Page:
Risk Bulletin: Social Engineering Wire Transfer Scams Affecting U.S. Companies
COMPANIES WHO SEND MONEY BY WIRE TRANSFER MUST BE AWARE OF SCAMS
Businesses that wire-transfer money to vendor or corporate bank accounts or on behalf of clients and customers should be aware of scams impacting even the best-managed companies. These wire-transfer scams are intentionally misleading unsuspecting employees into sending money or diverting payments to fraudsters who are impersonating vendors, clients, customers and even senior executives or business owners.
To help businesses manage these risks, The Hanover created False Pretense Coverage — an insurance solution providing protection from a wide variety of social engineering scams.
Identifying Risks and Frauds
Commonly referred to as social engineering scams, these frauds trick employees with fake information received by email, text, instant message, telephone calls or other electronic communications. The information and request to transfer funds will appear to be legitimate, but will have actually been sent by imposters intending to steal the company’s money.
Here are some typical scams and strategies to avoid them:
Business Email Compromise
This popular scam begins with a fraudulent email sent from someone pretending to be the company’s vendor, customer, or client — or someone posing as an owner, senior executive, or employee. The email will request a transfer of funds and will trick the company employee into wiring funds to a specific bank account under the control of the fraudster.
The Purported Vendor Scheme
In scams involving purported vendors, the criminal assumes the identity of a company vendor and uses an email that appears to be legitimate — often from a compromised email account or by using a similar but slightly altered domain name. The email will be sent to an employee who the fraudster knows is in a position to transfer money. The email identifies themselves as a valid vendor the company partners with, and advises the employee that they have changed bank accounts and to send the next few payments to the new bank. The email will look authentic and may include the vendor’s logo or an attached letter with the vendor’s letterhead. In cases where the perpetrator may have previously breached the company’s computer network, the email may even point to a few valid transactions between the company and vendor. The employee,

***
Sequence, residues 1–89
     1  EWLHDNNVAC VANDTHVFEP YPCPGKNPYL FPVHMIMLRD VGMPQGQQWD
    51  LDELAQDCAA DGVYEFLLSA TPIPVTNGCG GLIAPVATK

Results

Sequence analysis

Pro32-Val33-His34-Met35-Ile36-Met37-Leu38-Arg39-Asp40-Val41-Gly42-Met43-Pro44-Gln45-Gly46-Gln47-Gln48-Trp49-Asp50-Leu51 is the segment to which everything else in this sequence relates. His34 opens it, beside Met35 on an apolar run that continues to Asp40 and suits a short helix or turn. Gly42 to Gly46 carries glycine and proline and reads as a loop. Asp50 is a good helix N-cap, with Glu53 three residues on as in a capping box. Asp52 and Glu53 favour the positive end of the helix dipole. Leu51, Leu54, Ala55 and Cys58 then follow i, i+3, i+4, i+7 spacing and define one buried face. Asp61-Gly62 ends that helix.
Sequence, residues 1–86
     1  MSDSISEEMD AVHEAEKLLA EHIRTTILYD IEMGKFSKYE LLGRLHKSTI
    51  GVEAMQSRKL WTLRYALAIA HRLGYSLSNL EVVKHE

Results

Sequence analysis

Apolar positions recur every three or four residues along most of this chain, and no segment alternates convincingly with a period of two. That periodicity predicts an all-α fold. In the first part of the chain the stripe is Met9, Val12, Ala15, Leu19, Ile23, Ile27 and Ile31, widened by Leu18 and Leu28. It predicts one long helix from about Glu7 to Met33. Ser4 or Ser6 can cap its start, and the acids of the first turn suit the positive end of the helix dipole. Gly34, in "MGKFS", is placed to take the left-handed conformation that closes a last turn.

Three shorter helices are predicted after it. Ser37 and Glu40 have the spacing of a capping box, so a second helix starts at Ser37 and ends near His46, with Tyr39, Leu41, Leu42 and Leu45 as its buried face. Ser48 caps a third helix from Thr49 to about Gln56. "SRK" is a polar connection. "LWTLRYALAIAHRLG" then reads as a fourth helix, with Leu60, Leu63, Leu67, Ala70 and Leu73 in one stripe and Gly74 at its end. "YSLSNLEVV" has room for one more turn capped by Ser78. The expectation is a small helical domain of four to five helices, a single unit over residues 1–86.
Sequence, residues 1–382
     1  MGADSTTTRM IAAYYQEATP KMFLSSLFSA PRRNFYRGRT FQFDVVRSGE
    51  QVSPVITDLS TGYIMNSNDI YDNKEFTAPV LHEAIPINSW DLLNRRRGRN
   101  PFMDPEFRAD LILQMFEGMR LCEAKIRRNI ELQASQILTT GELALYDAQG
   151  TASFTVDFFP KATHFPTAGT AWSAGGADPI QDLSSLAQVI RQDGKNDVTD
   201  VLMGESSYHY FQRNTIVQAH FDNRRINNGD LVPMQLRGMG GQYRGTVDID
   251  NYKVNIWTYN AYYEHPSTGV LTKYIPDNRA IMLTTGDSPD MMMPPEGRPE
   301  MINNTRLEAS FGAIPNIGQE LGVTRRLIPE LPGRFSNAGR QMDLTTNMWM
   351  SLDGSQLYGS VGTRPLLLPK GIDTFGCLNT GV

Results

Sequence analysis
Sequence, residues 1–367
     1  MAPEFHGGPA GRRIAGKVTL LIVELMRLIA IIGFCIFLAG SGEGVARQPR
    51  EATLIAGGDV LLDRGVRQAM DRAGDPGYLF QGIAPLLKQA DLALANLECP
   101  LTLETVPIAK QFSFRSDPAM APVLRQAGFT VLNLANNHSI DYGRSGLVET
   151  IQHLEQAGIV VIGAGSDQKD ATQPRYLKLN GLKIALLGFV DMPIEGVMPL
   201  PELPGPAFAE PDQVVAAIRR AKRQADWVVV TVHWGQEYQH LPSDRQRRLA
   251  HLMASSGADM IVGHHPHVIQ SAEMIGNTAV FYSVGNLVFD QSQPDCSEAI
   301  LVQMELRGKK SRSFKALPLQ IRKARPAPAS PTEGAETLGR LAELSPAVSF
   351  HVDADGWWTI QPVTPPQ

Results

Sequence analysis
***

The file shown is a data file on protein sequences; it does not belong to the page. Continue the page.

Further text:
without authenticating or validating the request, will proceed with wire transferring the money to the requested bank. As soon as the money is received by the new bank, the funds are quickly transferred out to an overseas bank well before the company realizes they have been scammed, which usually occurs when the real vendor begins asking for the overdue payment.
The Purported Business Owner/ Sr. Executive Scheme
In this type of scam, the perpetrators will identify themselves within an email as the company owner or senior executive, and will state that they need a transfer made to the bank account identified in the email as soon as possible — common reasons include “to fund a recent acquisition” or for “tax purposes.” The email will target an employee, or even another senior executive, who is in a position to transfer money. The email will have a sense of urgency to it. In some cases, the email will state that there will be a follow up call shortly from an attorney who will provide all of the transaction details and banking information. Shortly thereafter, the call will come in to the employee from the purported attorney. The employee will proceed to wire transfer the money to the requested bank without authenticating the request. The money is then quickly transferred by the fraudster to an overseas bank well before the company realizes they have been scammed.